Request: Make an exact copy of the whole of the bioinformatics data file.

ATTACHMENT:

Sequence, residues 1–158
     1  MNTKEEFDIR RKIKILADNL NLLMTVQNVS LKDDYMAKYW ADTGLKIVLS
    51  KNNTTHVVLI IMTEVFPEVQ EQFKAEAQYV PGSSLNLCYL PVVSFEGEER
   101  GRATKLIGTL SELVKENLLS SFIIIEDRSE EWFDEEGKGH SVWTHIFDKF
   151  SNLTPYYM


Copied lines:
Sequence, residues 1–158
     1  MNTKEEFDIR RKIKILADNL NLLMTVQNVS LKDDYMAKYW ADTGLKIVLS
    51  KNNTTHVVLI IMTEVFPEVQ EQFKAEAQYV PGSSLNLCYL PVVSFEGEER
   101  GRATKLIGTL SELVKENLLS SFIIIEDRSE EWFDEEGKGH SVWTHIFDKF
   151  SNLTPYYM